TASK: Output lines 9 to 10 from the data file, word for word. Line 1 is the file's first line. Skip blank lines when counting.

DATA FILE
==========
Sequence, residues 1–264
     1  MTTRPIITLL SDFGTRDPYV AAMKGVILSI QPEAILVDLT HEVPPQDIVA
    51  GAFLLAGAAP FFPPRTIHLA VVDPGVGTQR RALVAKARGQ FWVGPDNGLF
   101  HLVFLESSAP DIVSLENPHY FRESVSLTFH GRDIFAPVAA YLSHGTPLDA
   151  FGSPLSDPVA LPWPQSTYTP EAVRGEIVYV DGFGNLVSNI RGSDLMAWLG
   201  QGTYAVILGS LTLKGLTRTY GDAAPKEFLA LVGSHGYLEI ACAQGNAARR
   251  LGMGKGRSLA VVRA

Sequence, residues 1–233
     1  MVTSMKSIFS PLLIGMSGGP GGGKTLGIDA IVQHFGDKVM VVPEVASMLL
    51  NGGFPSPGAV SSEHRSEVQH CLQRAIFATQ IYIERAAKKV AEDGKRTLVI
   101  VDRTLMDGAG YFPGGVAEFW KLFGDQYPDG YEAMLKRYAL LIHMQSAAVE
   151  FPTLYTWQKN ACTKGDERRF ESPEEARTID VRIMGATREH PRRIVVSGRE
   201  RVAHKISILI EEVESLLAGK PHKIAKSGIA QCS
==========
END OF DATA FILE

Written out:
     1  MVTSMKSIFS PLLIGMSGGP GGGKTLGIDA IVQHFGDKVM VVPEVASMLL
    51  NGGFPSPGAV SSEHRSEVQH CLQRAIFATQ IYIERAAKKV AEDGKRTLVI